My name is Andrea, and I’m 24 years old. I’m a journalist and entrepreneur from Cameroon currently based in England.
What interests you most about traveling?
The growth process; I believe traveling is the best education one can have. When you travel, you step out of your comfort zone and discover new cultures, meet new people, learn new languages, try new food and realize that, at the end of the day, we are all the same no matter where we come from. Travel is also an antidote to fear. It makes you see the world from a new perspective, do things you never thought you could, and embrace differences. The most important things traveling has taught me are compassion, gratitude and self-awareness. By discovering the world, I have discovered myself.
What took you to Dakar?
I was invited to be a participant and panelist at a Women's Empowerment Summit organized by Give 1 Project, a local organization which aims to empower young men and women through leadership and educational programs within Senegal and worldwide. During the summit I shared my experiences and entrepreneurial journey with young women from Senegal, and also spoke during a panel about the importance of women in leadership and the place of women in African culture.
The Give 1 Project organization has also recently launched the "Akon Lighting Africa" tour in partnership with Akon which is striving to bring electricity to 1 million households in Africa by the end of 2014.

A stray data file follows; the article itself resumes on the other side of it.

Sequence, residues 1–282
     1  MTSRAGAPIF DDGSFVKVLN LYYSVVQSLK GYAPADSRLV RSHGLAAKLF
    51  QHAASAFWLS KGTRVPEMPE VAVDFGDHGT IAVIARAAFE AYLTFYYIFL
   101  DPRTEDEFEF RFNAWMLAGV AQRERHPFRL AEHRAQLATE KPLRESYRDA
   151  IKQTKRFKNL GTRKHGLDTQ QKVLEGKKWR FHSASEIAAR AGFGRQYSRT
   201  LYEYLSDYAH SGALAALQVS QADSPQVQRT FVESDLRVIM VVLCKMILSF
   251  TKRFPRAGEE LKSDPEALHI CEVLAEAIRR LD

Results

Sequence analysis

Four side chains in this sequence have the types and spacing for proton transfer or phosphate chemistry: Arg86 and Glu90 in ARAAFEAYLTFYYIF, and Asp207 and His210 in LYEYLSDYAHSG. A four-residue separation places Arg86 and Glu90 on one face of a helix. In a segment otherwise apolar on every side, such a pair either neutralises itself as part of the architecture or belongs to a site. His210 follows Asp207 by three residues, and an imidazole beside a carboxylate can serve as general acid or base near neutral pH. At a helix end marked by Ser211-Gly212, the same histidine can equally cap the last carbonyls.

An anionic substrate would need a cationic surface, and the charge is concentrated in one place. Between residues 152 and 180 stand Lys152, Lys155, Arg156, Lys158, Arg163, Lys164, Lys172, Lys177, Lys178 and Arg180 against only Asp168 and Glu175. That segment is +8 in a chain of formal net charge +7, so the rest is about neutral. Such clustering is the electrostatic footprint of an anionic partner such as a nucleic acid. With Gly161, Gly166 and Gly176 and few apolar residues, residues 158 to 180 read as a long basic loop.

Did you have any expectations going into the experience? Did you travel by yourself?
I traveled by myself and didn’t really know anyone in Dakar, apart from a few people I knew virtually. I also didn’t know what to expect, and didn’t want to. Sometimes having expectations can ruin your whole experience. I wanted to experience things with the heart of a child. And somehow, I knew deep inside that this trip would be life-changing. So I just followed my intuition. It turned out to be one of the best experiences I’ve had this year because Senegalese people are so welcoming! I met such amazing people there and made some great work connections.
What was your experience like in Dakar?
Since I was in Dakar for a summit, most of my activities were related to it. However, I was able to visit several places like Ngor Island, which is absolutely beautiful! Goree Island was inevitably on my list, as it was once one of the major ports for slave trade; it was an extremely emotional experience.
I also had the opportunity to visit the Women’s Prison of Dakar, and was able to speak with some of the women, make a donation, and hear about their lives in prison. I hesitate to write about this because it's quite a sensitive topic, but the main reason women are imprisoned in Senegal is because of abortions or infanticides. Senegal is a very traditional country where religion influences almost every aspect of life, including women's rights. Senegal's abortion law is very strict: a woman found guilty of abortion can be jailed for up to 10 years. Even with overpopulation, some women have to give birth in rough conditions and live there with their children. What struck me the most about my time with them is how warm these women remain despite their circumstances. I didn't see prisoners that day; I saw mothers, wives, and family. I saw love.